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As Korea's secondary stock market soars, so do doubts
[SEOUL] Many of the stocks on South Korea's Kosdaq are looking a touch frothy after more than doubling in price in under four months as retail investors plough into the market, armed with borrowed funds. Some firms are now trading at hundreds of times their earnings.
Almost one out of 12 stocks on the secondary board has more than doubled in price since the start of 2015. More than one in five are trading at least 50 times their earnings. That compares with the market's average price earnings ratio of 21 and the ratio of 9.94 on the main board Kospi, Thomson Reuters data shows. Reflecting the gains, the tech-heavy Kosdaq has risen 30 per cent, the most for any four-month period since 2009.
Fuelling the buying are domestic retail investors impatient with the relatively slow gains on the Kospi this year despite massive liquidity unleashed by central banks around the world. The Kospi comprises mostly conglomerates that promise lower risk but also lower growth. The opposite is the case on the Kosdaq, long dominated by temperamental retail investors looking to pocket quick gains. Those investors accounted for 63 per cent of Kosdaq's market capitalisation in 2013 versus 20 per cent for Kospi. South Korea has stopped releasing data on retail investors since then.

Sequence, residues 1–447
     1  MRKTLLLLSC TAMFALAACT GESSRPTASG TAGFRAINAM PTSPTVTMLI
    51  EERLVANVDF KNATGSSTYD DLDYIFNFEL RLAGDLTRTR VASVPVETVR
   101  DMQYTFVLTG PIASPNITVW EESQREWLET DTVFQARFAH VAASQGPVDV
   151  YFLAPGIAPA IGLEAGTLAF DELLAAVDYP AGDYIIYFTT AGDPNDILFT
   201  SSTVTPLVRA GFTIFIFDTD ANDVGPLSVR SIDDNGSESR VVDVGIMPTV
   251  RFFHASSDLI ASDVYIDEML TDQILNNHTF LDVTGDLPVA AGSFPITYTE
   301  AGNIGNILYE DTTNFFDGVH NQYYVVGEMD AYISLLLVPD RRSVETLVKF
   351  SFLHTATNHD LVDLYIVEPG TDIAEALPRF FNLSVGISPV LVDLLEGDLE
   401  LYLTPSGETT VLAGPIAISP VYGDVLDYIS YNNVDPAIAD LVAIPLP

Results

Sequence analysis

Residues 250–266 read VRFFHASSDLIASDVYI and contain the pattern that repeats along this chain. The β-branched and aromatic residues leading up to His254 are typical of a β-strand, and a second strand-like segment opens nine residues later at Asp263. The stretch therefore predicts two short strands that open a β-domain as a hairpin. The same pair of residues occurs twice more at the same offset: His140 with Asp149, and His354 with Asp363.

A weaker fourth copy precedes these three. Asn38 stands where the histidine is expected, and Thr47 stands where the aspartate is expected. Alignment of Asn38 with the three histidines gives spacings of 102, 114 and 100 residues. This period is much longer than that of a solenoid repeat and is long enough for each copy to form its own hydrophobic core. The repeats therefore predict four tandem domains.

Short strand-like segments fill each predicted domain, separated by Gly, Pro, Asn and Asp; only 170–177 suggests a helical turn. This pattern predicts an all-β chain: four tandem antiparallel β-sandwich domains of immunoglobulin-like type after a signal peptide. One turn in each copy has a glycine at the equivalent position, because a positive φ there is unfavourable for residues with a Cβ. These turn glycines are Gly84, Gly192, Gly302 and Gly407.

As the Kosdaq accelerated, the outstanding amount of borrowings by margin traders soared, sparking concern of a sharp market pullback should investors miss their margin calls. Outstanding loans hit a record 3.81 trillion won (S$4.77 billion) as of April 17 compared with an average of 2.56 trillion won in December, according to Koscom Corp, which compiles financial data from the exchange. "A few companies of course are rising after announcing a deal, a contract, a new business project, or something, but there's an increasing mood of 'buy first' sentiment in the market," said Hong Seoung-pyo, an analyst at Samsung Securities.
Online education services provider Longtu Korea Inc jumped 677 per cent in less than four months even after posting a loss last year. Drug maker Kyung Nam Pharm Co Ltd rose 515 per cent to trade 278 times its earnings per share. Bio-engineering technology firm iNtRON Biotechnology Inc, whose nearly 170 per cent gain in share price looks modest by comparison, is now trading at 27,603 times its earnings per share.